Senate Appropriators Question Administration About Sequester Impact;
OMB Says NIH Research Jeopardized But Does Not Provide Details
February 14, 2013
On February 14, new Senate Appropriations Chair Barbara Mikulski (D-MD) held a hearing on the impact of the sequester. Unless Congress acts, the sequester will be ordered by the President on March 1 and implemented by federal agencies by March 27, which is the same day that the six-month Continuing Resolution (CR) that funds the government in Fiscal Year (FY) 2013 at the FY2012 level expires. The sequester will cut most government programs by 5.1 percent.
Witnesses included representatives of the Office of Management and Budget (OMB), the Department of Education, the Department of Homeland Security, the Department of Housing and Urban Development, and the Department of Defense. Although Senator Mikulski commented that the Department of Health and Human Services was invited to appear but did not provide a witness, she noted that she had received letters from all major departments detailing the impact of the sequester. Virtually every one of the 30 Democratic and Republican members of the Committee attended and asked questions after witnesses provided formal testimony, which reflected a wide range of concerns about government programs and services.
Although Education Secretary Arne Duncan mentioned medical research in his testimony, the issue of the impact of the sequester on the National Institutes of Health (NIH) was not raised until Senator Jerry Moran (R-KS) questioned witnessess. Senator Moran, who was recently named the Ranking Member on the Senate Labor, Health and Human Services, and Education (LHHS) Appropriations Subcommittee (replacing Senator Richard Shelby, R-AL), asked whether NIH would have discretion as to where the estimated $1.6 billion in cuts could be made, for example, to intramural and/or extramural programs, or across-the-board. Federal Controller Danny Werfel of the OMB responded that, although the Administration was still working out details with NIH Director Francis Collins, M.D., Ph.D., “there will be hundreds fewer awards [research grants]” and that the sequester would “jeopardize jobs and prior research, as well as set back research into major diseases.”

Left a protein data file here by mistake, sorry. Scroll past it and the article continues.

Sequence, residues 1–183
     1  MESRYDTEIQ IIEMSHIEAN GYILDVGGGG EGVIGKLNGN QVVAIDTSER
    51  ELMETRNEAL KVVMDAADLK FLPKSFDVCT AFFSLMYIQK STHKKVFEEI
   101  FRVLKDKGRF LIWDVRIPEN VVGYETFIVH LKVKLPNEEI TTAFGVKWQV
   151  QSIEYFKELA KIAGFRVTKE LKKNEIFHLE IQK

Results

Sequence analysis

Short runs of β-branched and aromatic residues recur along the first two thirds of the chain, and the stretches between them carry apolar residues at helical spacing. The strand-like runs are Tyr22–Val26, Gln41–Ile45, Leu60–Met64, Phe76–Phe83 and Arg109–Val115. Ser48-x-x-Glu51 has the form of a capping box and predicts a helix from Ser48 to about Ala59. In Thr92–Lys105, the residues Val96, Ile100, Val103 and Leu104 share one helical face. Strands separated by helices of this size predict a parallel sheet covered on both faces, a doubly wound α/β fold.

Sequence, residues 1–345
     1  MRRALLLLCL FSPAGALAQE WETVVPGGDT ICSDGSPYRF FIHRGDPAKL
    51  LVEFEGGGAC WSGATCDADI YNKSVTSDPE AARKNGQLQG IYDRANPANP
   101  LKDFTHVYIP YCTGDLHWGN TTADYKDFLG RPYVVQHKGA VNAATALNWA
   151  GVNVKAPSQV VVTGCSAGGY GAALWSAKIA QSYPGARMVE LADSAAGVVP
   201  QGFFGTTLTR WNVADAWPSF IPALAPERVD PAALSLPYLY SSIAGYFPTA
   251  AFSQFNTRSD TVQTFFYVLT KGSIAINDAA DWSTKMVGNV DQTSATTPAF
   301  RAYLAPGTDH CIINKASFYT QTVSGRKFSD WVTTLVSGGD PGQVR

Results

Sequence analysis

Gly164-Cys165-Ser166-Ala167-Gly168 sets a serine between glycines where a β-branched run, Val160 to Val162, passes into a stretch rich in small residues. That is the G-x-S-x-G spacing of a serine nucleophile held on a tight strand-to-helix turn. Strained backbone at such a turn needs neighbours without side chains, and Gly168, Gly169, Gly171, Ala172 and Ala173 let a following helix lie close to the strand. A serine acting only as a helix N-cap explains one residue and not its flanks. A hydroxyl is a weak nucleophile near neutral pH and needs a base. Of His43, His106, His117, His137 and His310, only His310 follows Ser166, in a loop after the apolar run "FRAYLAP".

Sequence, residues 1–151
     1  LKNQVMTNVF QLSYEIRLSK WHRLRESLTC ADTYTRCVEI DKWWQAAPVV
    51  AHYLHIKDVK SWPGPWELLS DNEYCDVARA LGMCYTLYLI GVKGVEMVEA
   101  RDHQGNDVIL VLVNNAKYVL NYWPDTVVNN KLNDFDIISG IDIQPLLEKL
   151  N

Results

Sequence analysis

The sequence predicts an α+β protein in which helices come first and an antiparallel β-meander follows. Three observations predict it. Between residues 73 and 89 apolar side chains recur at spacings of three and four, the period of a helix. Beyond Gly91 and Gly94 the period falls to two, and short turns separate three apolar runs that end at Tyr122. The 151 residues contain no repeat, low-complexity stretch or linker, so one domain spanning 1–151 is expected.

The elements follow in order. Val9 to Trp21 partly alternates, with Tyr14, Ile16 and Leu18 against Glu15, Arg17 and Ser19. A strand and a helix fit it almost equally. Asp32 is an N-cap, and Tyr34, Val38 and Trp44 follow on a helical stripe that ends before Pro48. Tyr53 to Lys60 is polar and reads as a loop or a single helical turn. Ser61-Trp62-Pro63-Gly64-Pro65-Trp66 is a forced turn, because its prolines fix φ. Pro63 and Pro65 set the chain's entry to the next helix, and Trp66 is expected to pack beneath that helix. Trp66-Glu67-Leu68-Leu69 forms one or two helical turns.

Senator Mikulski thanked Senator Moran for asking about the NIH, stating that she was scheduled to meet with Dr. Collins on February 21 and would ask the very same questions.
Despite party affiliation, Committee members expressed grave concerns about the sequester, which was described as a “self-inflicted wound“ by Senator Mikulski and “the worst that could happen to this country outside of war,” by Senator Dianne Feinstein (D-CA). Senator Feinstein, who stated that the sequester would have the biggest effect on California, lamented that the “imprecision and uncertainty associated with the cuts are leading employers to make indiscriminate decisions due to lack of good data.” Several Senators probed the witnesses as to the ultimate cost of the sequester, with respondents noting that it could actually cost the government more in terms of lost productivity, staffing issues, sourcing of contracts, impact on local education and social services, security, etc.
In addition to blaming the Administration, many Senators also blamed themselves by admitting that the House and Senate had failed to take appropriate action. Although Senator Mikulski remarked that the day’s focus was on the sequester, she promised that under her leadership the Senate would proceed with “regular order” bills in the FY 2014 appropriations process. This was echoed by a unanimous show of hands when Senator Mikulski asked Committee members whether they preferred a regular order appropriations process.
In a February 7 Advocacy Day, Association for Research in Vision and Ophthalmology (ARVO) Executive Director Sally Atherton, Ph.D. and Ava Bittner, O.D., Ph.D. (Johns Hopkins University/Wilmer Eye Institute) visited Senator Mikulski’s office and emphasized for staff member Christine Evans the impact of the sequester on vision research funding by the National Eye Institute (NEI) within the NIH.